Motorpsycho – Blissard (expanded reissue)

BlissardThe ongoing Motorpsycho archaeology project, which began with a 4CD box set based on 1994 breakthrough album Timothy’s Monster, sidesteps the band’s detour into country rock with The Tussler to pick up the trail with 1995’s Blissard. This new 4CD set contains the original album plus contemporaneous EPs, stray cuts, studio experimentation, and an entire, previously unreleased album.

The expansive treatment seems entirely appropriate for Blissard, which is a real curate’s egg in its original form. It begins with a run of songs that rank among Motorpsycho’s most commercial. Thereafter it flirts with both grunge and instrumental epics, only to end on a downbeat note with a duet for voice and banjo, and a solo mood piece by Deathprod, aka producer/Motorpsycho auxiliary Helge Sten.

Still, for my money, Blissard is at least as good an album as Timothy’s Monster, and the expanded edition proves more essential than last year’s trawl through Timothy‘s archives. Not least because it includes When the World Sleeps, an album the band simply grew out of and canned in favour of the sessions that ultimately led to Blissard. I’ll come back to it.

There’s also the first version of Blissard, expensively recorded at Atlantis Studios in Stockholm and mixed by Pieter ‘Pidah’ Kloos, hence: The Pidah Mixes. This the band also canned, apparently because they detected in the “cassette dubs” of the final mixes (auditioned in a van, en-route home to Oslo) a “hi-fi lack of energy and dullness”.

Then there’s ‘The Atlantis Psychosis Files’ – 20 minutes of experimental self-indulgence, recorded at Atlantis while Pidah was busy mixing. Among these tracks are those included as ‘hidden’ bonuses on both Blissard and its eventual follow-up, Angels & Daemons at Play, which now need no CD rewind trickery to access.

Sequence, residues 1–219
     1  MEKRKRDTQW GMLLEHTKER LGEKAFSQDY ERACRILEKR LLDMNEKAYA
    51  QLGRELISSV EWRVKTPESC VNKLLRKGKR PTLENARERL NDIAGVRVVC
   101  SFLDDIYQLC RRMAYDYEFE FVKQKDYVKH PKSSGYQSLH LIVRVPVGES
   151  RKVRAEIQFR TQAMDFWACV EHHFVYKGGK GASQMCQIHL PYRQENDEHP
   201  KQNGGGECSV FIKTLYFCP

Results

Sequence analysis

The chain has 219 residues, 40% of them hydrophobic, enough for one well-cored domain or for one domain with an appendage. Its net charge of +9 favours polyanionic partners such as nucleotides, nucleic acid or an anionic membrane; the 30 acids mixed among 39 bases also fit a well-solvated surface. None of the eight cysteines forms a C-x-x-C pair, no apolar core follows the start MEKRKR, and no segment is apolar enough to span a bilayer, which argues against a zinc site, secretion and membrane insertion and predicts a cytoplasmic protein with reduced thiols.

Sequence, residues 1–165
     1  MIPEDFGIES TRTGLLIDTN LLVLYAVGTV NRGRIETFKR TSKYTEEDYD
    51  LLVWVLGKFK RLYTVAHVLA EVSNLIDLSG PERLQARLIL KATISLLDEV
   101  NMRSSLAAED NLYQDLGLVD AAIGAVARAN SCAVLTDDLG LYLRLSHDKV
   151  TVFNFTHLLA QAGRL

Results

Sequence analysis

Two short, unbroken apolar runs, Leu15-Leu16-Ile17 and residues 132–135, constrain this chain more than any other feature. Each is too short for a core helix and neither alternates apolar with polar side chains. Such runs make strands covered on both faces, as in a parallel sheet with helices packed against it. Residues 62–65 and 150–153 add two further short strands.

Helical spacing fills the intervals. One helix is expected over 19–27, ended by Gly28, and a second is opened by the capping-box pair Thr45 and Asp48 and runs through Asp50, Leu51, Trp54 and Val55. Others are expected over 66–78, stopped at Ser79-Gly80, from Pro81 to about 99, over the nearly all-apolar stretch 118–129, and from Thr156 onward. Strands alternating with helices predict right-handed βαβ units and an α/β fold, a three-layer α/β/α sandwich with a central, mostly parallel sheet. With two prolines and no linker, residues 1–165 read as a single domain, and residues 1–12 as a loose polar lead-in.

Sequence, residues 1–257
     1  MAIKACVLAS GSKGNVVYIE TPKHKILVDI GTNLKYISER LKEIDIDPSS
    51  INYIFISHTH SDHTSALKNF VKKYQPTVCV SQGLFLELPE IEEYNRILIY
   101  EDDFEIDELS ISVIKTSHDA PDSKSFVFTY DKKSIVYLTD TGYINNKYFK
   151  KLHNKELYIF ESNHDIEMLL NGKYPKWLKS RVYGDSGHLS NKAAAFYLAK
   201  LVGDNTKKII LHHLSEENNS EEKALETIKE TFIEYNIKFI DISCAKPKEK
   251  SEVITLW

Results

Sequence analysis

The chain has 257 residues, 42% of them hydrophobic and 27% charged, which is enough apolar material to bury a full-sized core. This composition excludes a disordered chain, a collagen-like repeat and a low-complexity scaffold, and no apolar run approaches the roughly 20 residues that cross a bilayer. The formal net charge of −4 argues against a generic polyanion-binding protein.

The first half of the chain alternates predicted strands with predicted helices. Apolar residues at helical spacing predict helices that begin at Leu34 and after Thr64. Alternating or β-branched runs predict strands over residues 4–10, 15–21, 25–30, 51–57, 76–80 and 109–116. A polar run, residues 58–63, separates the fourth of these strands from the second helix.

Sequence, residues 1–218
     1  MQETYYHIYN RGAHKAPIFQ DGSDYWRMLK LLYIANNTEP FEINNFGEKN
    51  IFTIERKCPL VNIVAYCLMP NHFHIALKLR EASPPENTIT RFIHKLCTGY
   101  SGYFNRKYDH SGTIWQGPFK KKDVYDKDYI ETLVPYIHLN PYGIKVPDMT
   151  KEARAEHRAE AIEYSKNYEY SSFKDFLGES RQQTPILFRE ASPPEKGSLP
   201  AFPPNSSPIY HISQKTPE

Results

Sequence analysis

Other odds & sods, which include a full-blooded romp through The Who’s “Heaven and Hell”, saw light of day on the Manmower and Nerve Tattoo EPs, the tracks of which are all present and correct.

There’s very little duplication of material across the four discs, but there is an early alternate take on album cut “Drug Thing”, which was recorded in a half-finished studio, two versions of “Mad Sun“, and three stabs at “Stalemate”, none of which made the cut for Blissard.

The band didn’t nail “Stalemate” until the final sessions for Angels & Daemons. Here it is as first recorded for the discarded When The World Sleeps album, and again for Blissard, mixed by Pidah but subsequently discarded. The final version incorporates elements from a track titled “That Dying Breed”, which is included here as part of a six-song sequence of proto-Blissard rehearsal tapes from 1995: tracks that were variously cannibalised or, in two cases, “simply forgotten”.

The Pidah version of Blissard is more coherent than the final release, with raw vigour (I obviously don’t hear it as the band did). It includes two dropped tracks – “The Matter with Her” and the Dinosaur Jr-like “Like Always” – that are strong melodically, and would’ve made decent singles (the latter did, in fact, in a version by Sanderfinger).

The comparative roughness of these mixes sometimes works in their favour. The Pidah mix of “The Nerve Tattoo”, for example, sounds better in some respects without the violins that graced the Blissard single version.

More important for Motorpsycho fans than these early Blissard mixes is the ‘lost’ album, When the World Sleeps, a thing unto itself, with a completely different vibe to Blissard. It’s a more brooding and arguably a more powerful album on the whole, with shades of Crazy Horse on “Flick of the Wrist”.

Of the three tracks here that made it onto EPs (“The Ballad of Patrick and Putrick”, “Mad Sun” and the home demo of “7th Dream”), the last two make for a diffuse ending to the album, despite “Mad Sun”‘s ramshackle vigour, which mirrors Blissard‘s mixed blessing ending; but the four unreleased tracks that make up it’s bulk are powerful stuff.

“The Ballad of Patrick and Putrick” is a narcotised grunge epic, shuffling from one instrumental chorus to another via mumbled vocal verses and strummed acoustic guitars. Best of all, a superb cover of tour-mates Alabama Kids’ “Black W’abbit” is a psych-rock monster that competes with Blissard‘s “S.T.G.” as the standout track of the whole collection.

Related Posts
Motorpsycho – Demon Box (expanded reissue).
Motorpsycho and Ståle Storløkken: The Death Defying Unicorn + Bushman’s Revenge: A Little Bit of Big Bonanza.
Motorpsycho – Still Life With Eggplant.

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